The Atlanta Bicycle Coalition, along with community members and neighborhoods along DeKalb, is continuing the fight for a DeKalb that serves more than high-speed traffic speeding through our communities. DeKalb Ave connects 11 neighborhoods -- all but 1 wrote letters of support for a Complete Street.
We are calling for any project, including repaving, that affects this key, flat corridor to make the road safer -- for everyone. The resurfacing project should include a buffer between people walking on the sidewalk and cars, and a place for people to bike.
The City of Atlanta retained Arcadis as the design firm for the striping design for the first phase of resurfacing on this project. They are pursuing short-term safety improvements that can be accomplished within the resurfacing project, with an eye toward long-term improvements that can be built in a future second phase.
The design team intends to begin meeting again with various local stakeholders in January and February 2020 to be followed by a public meeting. It's not yet clear when the design will be finalized and when the resurfacing project will go to construction.
Atlanta Bicycle Coalition remains an advocate for both long and short term solution to the dangerous conditions on DeKalb Avenue. The improvements should address the glaring gap in bike facilities stretching from the Stone Mountain PATH trail to the Inman Park-Reynoldstown MARTA station.182 signatures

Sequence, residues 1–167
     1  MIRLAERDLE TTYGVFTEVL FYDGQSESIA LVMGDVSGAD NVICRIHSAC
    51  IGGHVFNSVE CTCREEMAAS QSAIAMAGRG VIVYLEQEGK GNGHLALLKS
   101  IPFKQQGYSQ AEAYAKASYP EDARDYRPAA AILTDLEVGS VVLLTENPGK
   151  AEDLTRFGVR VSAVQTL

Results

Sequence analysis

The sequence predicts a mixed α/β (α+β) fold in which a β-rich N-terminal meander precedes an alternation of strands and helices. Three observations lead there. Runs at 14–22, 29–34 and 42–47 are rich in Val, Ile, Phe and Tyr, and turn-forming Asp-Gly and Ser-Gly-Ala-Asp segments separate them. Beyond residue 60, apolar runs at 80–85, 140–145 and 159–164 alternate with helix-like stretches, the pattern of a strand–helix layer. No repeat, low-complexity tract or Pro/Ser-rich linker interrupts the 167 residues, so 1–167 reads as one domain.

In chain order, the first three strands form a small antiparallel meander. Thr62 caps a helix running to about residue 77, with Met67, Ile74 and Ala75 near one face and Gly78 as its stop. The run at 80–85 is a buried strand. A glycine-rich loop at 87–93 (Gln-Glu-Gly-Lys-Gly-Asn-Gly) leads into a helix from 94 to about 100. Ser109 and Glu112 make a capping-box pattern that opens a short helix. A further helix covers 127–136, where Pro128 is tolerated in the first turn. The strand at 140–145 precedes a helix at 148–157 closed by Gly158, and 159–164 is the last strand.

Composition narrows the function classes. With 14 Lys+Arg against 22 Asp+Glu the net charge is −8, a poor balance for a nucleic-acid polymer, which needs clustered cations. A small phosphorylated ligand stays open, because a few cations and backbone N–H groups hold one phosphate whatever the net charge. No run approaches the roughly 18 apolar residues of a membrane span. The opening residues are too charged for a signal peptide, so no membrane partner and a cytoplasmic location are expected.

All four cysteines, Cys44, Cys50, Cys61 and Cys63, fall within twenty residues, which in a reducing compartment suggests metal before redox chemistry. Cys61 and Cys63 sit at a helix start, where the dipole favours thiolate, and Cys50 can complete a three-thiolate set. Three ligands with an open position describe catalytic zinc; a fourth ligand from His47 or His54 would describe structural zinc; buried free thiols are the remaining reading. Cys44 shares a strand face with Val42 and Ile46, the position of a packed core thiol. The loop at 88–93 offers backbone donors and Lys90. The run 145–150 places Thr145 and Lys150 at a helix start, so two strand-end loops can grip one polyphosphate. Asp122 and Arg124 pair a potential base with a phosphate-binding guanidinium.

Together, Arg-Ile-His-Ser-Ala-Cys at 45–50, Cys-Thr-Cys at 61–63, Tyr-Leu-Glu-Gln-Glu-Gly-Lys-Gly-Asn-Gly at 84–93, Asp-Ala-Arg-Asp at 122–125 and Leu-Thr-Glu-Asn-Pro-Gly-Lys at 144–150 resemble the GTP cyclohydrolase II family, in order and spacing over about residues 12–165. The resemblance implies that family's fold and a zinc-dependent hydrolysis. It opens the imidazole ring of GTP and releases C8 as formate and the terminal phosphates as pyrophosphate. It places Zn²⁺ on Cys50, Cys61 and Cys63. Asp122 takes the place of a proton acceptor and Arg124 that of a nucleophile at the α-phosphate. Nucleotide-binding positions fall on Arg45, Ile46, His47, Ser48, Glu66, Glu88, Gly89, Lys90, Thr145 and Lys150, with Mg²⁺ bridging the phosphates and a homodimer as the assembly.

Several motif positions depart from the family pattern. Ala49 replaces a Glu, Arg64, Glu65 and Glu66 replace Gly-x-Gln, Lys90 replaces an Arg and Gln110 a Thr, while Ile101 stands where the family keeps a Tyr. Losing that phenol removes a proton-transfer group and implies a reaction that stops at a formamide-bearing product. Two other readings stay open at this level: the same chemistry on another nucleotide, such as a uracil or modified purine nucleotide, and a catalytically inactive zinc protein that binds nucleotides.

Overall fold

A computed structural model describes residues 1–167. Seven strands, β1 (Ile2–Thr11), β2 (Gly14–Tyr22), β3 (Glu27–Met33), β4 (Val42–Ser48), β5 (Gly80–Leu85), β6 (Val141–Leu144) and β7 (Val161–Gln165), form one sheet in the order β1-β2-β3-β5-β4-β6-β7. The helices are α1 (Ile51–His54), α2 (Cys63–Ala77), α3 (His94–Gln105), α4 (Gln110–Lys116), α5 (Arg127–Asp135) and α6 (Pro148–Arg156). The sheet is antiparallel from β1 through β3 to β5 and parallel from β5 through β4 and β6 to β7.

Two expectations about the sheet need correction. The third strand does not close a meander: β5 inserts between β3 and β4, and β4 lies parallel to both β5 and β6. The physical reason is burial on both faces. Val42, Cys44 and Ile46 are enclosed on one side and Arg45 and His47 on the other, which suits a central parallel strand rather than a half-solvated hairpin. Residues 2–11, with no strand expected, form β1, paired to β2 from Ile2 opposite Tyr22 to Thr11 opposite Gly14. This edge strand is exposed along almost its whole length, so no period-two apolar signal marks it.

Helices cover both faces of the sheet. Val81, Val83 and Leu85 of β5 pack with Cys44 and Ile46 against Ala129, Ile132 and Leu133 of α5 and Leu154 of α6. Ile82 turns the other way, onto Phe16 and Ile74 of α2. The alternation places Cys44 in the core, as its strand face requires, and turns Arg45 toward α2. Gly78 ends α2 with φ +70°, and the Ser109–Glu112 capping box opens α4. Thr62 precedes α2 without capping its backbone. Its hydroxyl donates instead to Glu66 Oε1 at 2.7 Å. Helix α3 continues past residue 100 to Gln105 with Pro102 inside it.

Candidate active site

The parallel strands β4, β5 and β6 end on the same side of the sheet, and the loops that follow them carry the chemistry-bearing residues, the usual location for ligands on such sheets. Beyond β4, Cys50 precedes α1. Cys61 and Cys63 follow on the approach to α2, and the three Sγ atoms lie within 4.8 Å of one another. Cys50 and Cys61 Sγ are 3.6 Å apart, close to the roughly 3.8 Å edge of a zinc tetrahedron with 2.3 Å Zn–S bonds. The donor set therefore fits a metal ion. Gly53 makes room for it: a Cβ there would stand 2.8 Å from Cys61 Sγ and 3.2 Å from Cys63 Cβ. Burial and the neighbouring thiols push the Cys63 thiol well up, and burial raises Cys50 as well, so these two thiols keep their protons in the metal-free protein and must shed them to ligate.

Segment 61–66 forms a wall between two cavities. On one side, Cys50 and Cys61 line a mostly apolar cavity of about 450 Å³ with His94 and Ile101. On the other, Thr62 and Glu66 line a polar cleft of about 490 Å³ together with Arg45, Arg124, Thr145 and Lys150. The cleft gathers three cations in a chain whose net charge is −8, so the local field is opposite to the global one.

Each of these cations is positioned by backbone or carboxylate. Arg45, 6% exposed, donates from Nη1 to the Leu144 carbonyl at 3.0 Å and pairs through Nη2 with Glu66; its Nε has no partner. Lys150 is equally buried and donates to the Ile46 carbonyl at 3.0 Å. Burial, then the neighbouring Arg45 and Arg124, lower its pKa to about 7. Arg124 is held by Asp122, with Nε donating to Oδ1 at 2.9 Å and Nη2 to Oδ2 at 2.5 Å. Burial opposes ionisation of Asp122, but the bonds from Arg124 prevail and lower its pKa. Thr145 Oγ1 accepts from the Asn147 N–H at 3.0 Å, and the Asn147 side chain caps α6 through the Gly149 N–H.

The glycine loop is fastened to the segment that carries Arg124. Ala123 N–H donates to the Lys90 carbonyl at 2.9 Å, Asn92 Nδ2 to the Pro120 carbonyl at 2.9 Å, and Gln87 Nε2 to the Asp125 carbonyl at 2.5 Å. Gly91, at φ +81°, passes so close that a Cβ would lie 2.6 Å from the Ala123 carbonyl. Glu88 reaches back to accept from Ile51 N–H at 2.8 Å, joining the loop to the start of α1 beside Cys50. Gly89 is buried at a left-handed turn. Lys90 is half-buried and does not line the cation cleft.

Click here for more background on our campaign for a safe and complete DeKalb Ave.
Ralph David Abernathy Boulevard, affectionately known as RDA, serves as a major corridor for schools, historic neighborhoods, and businesses in Southwest Atlanta. RDA is a large street with fast traffic and a lonely stretch of bike lane between Murphy Ave and I-85. The road, whether by bike or by car, is often perilous due to potholes, debris, and jagged train tracks.
RDA turns into Georgia Avenue and runs through seven amazing Atlanta neighborhoods: Westview, West End, Adair Park, Pittsburgh, Mechanicsville, Summerhill, and Grant Park.
The Atlanta Bicycle Coalition connects these neighborhoods at Atlanta Streets Alive. You can help make this a more livable, walkable, and bikeable corridor all year-round by supporting our campaign for bike lanes and regular maintenance on RDA and Georgia Avenue.
In addition to bike lanes on RDA and Georgia Avenue, we are advocating for:
- Resurfacing and repairing dangerous potholes on RDA
- Regularly maintaining this critical corridor by sweeping trash and debris
- Paving over the hazardous out-of-use train tracks
To increase the quality of life for not only me, but all Atlantans!